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clusion of every other topic, giving verbal photographs of their kitchens and dissolving-views of their nurseries, which painfully lacked variety, inasmuch as the same gloomy tints were displayed in each.
“ Many a year is in its grave” since I heard the wrongs of mistresses and the wickedness of the maids so volubly argued and depicted to the music of the tea-spoon and the hissing urn; but from those days to these, in which I write, the same tale has been poured into my ears; the same complaints of the selfishness, idleness, and general good-for-nothingness of female servants; the same dread anticipations of an evil day when we shall have to do without servants;
the same protestations from the mistresses, the same monotonous harping upon a string that gets more out of tune year after year. Of old, the servants had all the blame of this unsatisfactory state of things; more recently it has become the fashion to cast the reproach upon the mistresses. I have been looking, for the second or third time, through two books, written by two ladies as recently as 1869 and 1870, on the servant question. Mrs. Linton, indeed, gives only one chapter to the subject, and she is altogether the maids' advocate. Lady Lytton writes a whole volume, called “ The Household Fairy," which depicts mistresses as something above the common species of erring mortals, and servants as creatures who have scarcely one virtue to balance their countless vices, who, in the present generation, “not only don't take a pride in their work, but only bestow upon it the thought of how not to do it.” According to the immaculate Mrs. Winifred Weldon-her ladyship's mouthpiece-the race of good servants became extinct about thirty or forty years ago. The maid-of-all-work is now a maid-of-no-work; the cook is a dirty, idle, impudent cheat; the housemaid is an untidy drab; and the ladies’-maid a pert, ridicnlous, time-serving minx.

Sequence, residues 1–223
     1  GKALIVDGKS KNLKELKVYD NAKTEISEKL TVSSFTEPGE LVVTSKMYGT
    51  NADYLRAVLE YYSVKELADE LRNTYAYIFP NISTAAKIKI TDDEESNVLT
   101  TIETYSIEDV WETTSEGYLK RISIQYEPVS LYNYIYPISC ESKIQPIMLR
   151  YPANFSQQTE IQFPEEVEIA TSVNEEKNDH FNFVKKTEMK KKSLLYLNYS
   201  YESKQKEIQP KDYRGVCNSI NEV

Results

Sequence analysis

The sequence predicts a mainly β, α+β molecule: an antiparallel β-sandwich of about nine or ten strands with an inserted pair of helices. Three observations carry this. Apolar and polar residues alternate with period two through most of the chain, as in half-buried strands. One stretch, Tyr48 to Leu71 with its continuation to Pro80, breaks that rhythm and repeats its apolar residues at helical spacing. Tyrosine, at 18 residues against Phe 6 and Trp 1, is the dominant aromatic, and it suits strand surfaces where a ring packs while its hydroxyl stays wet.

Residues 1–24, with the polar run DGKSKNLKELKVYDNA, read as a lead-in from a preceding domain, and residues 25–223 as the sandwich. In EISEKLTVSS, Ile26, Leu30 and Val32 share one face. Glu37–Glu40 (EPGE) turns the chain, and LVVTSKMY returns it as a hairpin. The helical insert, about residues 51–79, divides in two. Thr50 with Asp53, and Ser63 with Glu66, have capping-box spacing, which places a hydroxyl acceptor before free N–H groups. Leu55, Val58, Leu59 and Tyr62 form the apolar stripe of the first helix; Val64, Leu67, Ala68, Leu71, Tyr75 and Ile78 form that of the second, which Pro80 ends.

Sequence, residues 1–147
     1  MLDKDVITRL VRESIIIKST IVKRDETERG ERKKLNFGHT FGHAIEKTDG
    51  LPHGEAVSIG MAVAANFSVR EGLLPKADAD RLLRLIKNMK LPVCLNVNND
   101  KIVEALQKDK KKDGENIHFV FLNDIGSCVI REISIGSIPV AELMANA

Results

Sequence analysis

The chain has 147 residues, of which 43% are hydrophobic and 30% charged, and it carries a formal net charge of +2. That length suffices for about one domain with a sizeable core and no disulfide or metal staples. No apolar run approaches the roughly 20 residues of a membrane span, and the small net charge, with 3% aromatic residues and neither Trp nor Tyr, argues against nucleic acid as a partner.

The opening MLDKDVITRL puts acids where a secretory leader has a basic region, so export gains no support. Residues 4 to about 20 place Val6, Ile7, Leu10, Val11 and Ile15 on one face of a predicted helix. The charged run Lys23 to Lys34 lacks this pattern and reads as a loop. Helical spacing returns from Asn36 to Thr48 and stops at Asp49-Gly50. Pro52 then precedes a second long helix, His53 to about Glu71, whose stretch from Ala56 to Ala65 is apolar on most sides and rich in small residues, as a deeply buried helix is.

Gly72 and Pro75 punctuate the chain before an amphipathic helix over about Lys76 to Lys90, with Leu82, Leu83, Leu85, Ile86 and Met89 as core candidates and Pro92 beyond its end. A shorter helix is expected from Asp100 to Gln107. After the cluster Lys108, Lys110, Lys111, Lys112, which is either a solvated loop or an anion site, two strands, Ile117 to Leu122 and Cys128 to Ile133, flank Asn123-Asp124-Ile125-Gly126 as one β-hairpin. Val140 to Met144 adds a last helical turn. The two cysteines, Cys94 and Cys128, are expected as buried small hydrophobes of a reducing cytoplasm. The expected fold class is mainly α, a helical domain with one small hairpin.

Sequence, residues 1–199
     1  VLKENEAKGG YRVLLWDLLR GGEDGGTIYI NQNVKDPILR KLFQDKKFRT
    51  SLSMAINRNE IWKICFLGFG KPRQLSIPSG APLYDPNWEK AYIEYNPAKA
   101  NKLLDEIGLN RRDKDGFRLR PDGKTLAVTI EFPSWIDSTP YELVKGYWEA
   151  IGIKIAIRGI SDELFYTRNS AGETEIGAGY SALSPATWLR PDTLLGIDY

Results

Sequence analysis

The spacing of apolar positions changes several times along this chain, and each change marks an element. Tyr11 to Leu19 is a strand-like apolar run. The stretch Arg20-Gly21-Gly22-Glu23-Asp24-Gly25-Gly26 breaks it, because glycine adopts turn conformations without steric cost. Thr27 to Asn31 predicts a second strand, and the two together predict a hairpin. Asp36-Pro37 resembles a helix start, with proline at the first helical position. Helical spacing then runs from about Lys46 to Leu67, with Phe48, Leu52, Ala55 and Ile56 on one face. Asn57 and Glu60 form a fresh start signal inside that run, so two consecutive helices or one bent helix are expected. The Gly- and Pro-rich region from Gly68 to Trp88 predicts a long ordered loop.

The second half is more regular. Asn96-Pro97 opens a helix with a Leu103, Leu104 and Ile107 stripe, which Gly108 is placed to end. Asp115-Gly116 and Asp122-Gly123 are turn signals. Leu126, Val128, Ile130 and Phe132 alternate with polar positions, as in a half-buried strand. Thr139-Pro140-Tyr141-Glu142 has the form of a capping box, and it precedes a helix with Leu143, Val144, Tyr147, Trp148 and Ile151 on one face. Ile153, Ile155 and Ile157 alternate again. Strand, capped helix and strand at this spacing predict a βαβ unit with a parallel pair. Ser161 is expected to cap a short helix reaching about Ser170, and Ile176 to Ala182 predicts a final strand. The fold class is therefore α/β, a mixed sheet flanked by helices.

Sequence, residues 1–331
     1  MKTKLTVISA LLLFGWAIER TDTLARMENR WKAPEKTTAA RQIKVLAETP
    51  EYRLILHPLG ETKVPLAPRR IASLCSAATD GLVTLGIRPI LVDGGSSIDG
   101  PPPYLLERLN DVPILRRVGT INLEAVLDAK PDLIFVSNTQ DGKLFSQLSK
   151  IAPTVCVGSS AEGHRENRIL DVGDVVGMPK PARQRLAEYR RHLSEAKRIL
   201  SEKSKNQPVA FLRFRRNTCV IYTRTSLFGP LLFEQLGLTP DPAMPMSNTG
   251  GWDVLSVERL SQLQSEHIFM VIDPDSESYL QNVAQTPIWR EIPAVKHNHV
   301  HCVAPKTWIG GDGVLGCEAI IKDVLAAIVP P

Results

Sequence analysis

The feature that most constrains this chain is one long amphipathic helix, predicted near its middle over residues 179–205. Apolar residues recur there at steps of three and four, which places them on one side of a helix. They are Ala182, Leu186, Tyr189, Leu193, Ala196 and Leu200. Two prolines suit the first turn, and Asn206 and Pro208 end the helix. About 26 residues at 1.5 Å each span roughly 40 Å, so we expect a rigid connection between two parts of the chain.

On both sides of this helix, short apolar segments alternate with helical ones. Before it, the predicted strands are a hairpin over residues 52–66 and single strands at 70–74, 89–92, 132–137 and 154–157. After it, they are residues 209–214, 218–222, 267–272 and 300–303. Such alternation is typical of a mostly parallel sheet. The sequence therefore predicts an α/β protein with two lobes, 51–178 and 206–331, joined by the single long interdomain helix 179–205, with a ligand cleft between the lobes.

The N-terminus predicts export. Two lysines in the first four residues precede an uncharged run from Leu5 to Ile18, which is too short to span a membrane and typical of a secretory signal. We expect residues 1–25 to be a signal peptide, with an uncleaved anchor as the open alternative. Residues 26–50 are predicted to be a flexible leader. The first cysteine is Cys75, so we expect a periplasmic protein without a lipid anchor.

Now, it seems to me that there must be something like a juste milieu in these conflicting situations of mistresses and maids. The mistresses cannot be quite angelic, nor the maids, as a rule, quite the other thing. There are good servants still-excellent, skilful,
— trustworthy women—for several of my friends are so fortunate as to retain such ; but, I must say, I never knew a bad mistress who ould boast of anything approaching to a good servant.
The question may be asked—what a bad mistress ? One who gives scanty wages, few privileges, expects impossibilities, and has the temper of a fury ? Or, one who lets the maids have their own way; who permits waste; who “never sees things;” who is herself a lazy, foolish, ignorant, incapable woman ? Both these types of mistresses are undoubtedly bad, and the latter is the worse of the two. The hard, grinding, imperious mistress will never keep a good servant, because no good servant having common-sense-and
no servant can be good without plenty of common-sense—will stay with her. The incompetent, inert, not-too-particular mistress will spoil the best servant, who, for the sake of liberty, indulgence, and kitchen-comforts, stays on in her place, knowing, in her heart, that she is deteriorating week by week.